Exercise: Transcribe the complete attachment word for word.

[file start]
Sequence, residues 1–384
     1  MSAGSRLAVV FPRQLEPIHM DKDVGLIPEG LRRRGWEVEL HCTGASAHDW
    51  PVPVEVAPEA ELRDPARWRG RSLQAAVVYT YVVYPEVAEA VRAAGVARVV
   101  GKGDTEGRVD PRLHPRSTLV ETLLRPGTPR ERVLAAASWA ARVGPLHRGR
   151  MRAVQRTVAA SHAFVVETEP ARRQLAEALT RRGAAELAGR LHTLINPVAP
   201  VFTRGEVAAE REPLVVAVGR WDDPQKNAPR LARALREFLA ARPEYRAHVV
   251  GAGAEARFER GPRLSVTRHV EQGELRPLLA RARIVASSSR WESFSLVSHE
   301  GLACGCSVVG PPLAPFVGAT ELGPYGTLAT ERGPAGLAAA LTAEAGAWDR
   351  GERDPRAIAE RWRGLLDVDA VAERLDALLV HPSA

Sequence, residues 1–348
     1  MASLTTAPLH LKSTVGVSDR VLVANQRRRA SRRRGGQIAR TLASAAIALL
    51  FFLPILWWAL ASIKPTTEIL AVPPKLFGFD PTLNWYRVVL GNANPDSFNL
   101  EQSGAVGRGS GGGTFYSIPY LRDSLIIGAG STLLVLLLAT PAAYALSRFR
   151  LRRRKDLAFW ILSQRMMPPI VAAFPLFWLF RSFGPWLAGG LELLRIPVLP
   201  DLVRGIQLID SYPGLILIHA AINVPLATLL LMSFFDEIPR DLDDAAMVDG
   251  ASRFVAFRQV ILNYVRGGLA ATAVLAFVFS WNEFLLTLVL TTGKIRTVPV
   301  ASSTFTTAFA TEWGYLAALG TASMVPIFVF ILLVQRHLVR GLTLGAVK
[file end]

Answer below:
Sequence, residues 1–384
     1  MSAGSRLAVV FPRQLEPIHM DKDVGLIPEG LRRRGWEVEL HCTGASAHDW
    51  PVPVEVAPEA ELRDPARWRG RSLQAAVVYT YVVYPEVAEA VRAAGVARVV
   101  GKGDTEGRVD PRLHPRSTLV ETLLRPGTPR ERVLAAASWA ARVGPLHRGR
   151  MRAVQRTVAA SHAFVVETEP ARRQLAEALT RRGAAELAGR LHTLINPVAP
   201  VFTRGEVAAE REPLVVAVGR WDDPQKNAPR LARALREFLA ARPEYRAHVV
   251  GAGAEARFER GPRLSVTRHV EQGELRPLLA RARIVASSSR WESFSLVSHE
   301  GLACGCSVVG PPLAPFVGAT ELGPYGTLAT ERGPAGLAAA LTAEAGAWDR
   351  GERDPRAIAE RWRGLLDVDA VAERLDALLV HPSA

Sequence, residues 1–348
     1  MASLTTAPLH LKSTVGVSDR VLVANQRRRA SRRRGGQIAR TLASAAIALL
    51  FFLPILWWAL ASIKPTTEIL AVPPKLFGFD PTLNWYRVVL GNANPDSFNL
   101  EQSGAVGRGS GGGTFYSIPY LRDSLIIGAG STLLVLLLAT PAAYALSRFR
   151  LRRRKDLAFW ILSQRMMPPI VAAFPLFWLF RSFGPWLAGG LELLRIPVLP
   201  DLVRGIQLID SYPGLILIHA AINVPLATLL LMSFFDEIPR DLDDAAMVDG
   251  ASRFVAFRQV ILNYVRGGLA ATAVLAFVFS WNEFLLTLVL TTGKIRTVPV
   301  ASSTFTTAFA TEWGYLAALG TASMVPIFVF ILLVQRHLVR GLTLGAVK